Point-of-care HIV rapid testing growing in importance
LONDON - June 13, 2014 - PRLog -- In clinical practice scenarios, but also in domestic settings point-of-care tests are indispensable. The lab's Internet portal Medlab-Online.com offers its customers a broad range of high quality in-vitro diagnostic medical devices from a single source.
“The fast and accurate collection of vital signs, including ascertaining the patient’s infection status, such as whether they are HIV positive or not, is frequently necessary. Be that in the emergency room or during care for acute patients,” says Dr Ethan Wing, emergency physician at the London Road Community Hospital in Derby, UK.
"Because if it has to go quickly–for example, in the emergency room in a surgical indication–it is of great importance to determine the infection status of an unknown patient immediately and reliably. The Central Laboratory has, depending on the workload, processing times between half an hour and two hours. The organization of the emergency department is therefore often an extremely challenging task."
Novel and proven to be valid by studies,the immuneochromatographic detection method of high sensitivity and specificity makes it possible to make reliable statements regarding the presence of viral or bacterial infectious diseases from the blood of patients within a few minutes.
Especially foregrounded are possible HIV or Hepatitis C infections that might be present for which neither a vaccination nor a complete cure is currently available. It is particularly notable that a HIV rapid test eliminates time spent on sample preparation and the patient gains valuable time that would have otherwise been lost by involving the central laboratory. What-is-more, the hospital staff can modify their behavior accordingly, and can, in particular, be promptly given post-exposure prophylaxis if inadvertent contact with a potentially infected patient's blood has occurred.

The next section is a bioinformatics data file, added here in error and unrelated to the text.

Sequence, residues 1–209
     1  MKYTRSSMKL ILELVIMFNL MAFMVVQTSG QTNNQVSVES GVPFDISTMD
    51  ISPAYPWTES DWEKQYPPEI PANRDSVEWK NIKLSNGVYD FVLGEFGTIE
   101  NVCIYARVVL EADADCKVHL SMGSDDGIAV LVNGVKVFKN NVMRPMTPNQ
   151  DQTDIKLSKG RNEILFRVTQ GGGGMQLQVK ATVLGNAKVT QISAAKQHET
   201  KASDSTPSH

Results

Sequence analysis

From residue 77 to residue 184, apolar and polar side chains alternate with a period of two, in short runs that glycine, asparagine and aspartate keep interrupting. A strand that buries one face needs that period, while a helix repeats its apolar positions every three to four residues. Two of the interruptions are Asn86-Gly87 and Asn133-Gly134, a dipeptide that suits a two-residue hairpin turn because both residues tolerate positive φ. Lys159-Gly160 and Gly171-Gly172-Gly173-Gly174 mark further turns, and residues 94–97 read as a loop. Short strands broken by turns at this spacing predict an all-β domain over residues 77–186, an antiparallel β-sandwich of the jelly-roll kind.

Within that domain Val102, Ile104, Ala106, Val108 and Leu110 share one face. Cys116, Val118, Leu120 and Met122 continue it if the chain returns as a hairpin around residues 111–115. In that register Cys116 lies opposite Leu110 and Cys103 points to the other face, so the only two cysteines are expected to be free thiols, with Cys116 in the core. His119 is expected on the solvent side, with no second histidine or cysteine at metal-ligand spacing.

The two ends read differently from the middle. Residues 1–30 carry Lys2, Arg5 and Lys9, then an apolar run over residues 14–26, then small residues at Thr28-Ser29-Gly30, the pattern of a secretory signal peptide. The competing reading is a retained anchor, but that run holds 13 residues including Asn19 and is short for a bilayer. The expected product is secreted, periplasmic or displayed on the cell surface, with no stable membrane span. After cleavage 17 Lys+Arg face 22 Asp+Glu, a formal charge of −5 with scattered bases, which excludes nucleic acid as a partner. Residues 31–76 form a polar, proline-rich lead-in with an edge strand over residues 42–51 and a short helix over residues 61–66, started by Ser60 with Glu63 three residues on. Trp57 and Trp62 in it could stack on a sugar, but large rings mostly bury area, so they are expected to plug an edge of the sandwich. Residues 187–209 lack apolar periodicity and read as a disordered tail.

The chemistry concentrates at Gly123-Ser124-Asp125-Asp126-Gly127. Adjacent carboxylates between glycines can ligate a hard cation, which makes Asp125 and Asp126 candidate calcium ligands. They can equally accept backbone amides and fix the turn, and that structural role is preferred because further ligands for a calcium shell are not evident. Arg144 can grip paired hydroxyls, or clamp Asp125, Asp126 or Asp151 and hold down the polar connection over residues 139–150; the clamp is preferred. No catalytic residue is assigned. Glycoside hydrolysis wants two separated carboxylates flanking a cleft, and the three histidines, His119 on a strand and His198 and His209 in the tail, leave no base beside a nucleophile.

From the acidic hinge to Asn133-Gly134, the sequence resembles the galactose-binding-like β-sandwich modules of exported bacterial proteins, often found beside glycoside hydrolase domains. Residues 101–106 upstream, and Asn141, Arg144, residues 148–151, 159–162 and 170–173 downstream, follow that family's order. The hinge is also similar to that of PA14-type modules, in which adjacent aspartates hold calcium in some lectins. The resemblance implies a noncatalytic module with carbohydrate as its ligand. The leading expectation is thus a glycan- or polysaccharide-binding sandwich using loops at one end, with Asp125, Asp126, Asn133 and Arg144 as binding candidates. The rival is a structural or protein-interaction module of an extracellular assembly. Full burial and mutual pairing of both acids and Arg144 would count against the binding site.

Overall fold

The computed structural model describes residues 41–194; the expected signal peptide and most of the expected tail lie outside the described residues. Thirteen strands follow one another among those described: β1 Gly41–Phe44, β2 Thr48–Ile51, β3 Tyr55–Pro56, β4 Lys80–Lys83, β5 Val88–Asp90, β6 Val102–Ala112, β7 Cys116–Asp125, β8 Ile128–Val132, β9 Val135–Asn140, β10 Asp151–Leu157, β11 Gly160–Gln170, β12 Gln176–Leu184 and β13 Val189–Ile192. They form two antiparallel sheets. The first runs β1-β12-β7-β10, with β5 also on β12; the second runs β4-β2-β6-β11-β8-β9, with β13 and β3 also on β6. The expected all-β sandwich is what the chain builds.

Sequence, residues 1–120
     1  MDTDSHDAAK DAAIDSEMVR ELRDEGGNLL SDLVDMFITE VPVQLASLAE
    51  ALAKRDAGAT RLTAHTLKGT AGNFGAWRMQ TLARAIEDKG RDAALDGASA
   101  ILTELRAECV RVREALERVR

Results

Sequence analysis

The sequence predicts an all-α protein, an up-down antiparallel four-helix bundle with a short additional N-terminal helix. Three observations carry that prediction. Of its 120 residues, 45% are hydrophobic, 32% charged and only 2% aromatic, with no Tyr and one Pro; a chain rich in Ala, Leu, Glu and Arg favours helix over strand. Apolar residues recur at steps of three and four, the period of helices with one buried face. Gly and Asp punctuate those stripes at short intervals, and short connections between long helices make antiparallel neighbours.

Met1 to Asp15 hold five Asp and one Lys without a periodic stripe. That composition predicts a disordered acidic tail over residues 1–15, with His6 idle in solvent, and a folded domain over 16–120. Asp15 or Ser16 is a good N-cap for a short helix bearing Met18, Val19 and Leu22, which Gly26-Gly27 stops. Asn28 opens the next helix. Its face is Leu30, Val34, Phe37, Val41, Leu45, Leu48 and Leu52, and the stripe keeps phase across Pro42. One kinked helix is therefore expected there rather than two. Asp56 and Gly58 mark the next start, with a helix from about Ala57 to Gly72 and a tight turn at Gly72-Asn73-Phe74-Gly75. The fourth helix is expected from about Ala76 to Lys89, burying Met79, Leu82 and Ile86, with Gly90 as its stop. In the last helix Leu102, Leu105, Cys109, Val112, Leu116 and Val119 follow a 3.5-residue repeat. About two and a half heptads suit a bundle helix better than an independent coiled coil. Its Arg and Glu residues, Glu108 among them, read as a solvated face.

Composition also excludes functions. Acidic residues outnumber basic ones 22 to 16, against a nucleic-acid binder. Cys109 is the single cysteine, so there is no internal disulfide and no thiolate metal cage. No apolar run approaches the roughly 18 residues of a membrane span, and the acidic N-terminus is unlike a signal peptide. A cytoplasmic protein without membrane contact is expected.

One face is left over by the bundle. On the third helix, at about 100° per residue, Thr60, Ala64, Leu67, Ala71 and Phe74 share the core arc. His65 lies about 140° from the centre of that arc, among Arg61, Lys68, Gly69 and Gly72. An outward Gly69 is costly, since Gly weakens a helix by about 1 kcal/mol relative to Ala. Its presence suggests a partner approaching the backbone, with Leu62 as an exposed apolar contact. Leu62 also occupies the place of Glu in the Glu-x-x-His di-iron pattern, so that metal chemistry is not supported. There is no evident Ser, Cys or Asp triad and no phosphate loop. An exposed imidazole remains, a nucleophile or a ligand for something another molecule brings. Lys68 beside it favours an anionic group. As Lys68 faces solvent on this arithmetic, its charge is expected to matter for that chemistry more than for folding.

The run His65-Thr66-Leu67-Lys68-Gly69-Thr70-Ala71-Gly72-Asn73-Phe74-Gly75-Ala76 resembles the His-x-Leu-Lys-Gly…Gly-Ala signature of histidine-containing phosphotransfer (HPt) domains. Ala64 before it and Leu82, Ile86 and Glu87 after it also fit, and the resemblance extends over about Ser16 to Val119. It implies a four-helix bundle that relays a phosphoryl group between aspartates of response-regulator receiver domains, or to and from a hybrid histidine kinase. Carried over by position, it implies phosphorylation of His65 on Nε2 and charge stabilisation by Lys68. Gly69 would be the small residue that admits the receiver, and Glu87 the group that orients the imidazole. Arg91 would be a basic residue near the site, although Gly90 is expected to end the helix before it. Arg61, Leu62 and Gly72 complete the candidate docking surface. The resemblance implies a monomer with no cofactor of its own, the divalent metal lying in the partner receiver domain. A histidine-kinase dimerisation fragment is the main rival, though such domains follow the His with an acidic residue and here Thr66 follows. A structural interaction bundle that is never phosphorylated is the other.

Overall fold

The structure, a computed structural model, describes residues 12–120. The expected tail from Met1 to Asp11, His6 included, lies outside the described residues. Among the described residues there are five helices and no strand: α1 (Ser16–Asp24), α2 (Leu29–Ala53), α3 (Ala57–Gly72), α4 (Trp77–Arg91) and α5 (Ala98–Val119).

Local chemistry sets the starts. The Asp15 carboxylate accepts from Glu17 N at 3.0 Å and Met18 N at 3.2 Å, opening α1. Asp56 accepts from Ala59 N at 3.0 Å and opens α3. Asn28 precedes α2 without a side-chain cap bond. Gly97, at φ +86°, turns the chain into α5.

Furthermore, in the domestic setting of the classic home test, point-of-care tests, such as pregnancy tests and blood glucose tests, administered by the patient, have been established practice for decades. The controversy is currently whether a HIV test kit, in this format, should be made available for everyone and whether it could help to curb the spread of the dangerous immunodeficiency disease.
The great advantage of a HIV home test is that it can be carried out in complete anonymity. The patient does not need to overcome inhibitions such as having to confide in an unknown person; it is estimated that one could reach a significant percentage of the 100,000 people in the European Union who currently are not aware of their HIV positive status. This would make it possible to prevent new HIV infections and allow affected people to start life-saving therapy faster.
Detailed information is available on the Internet at http://medlab-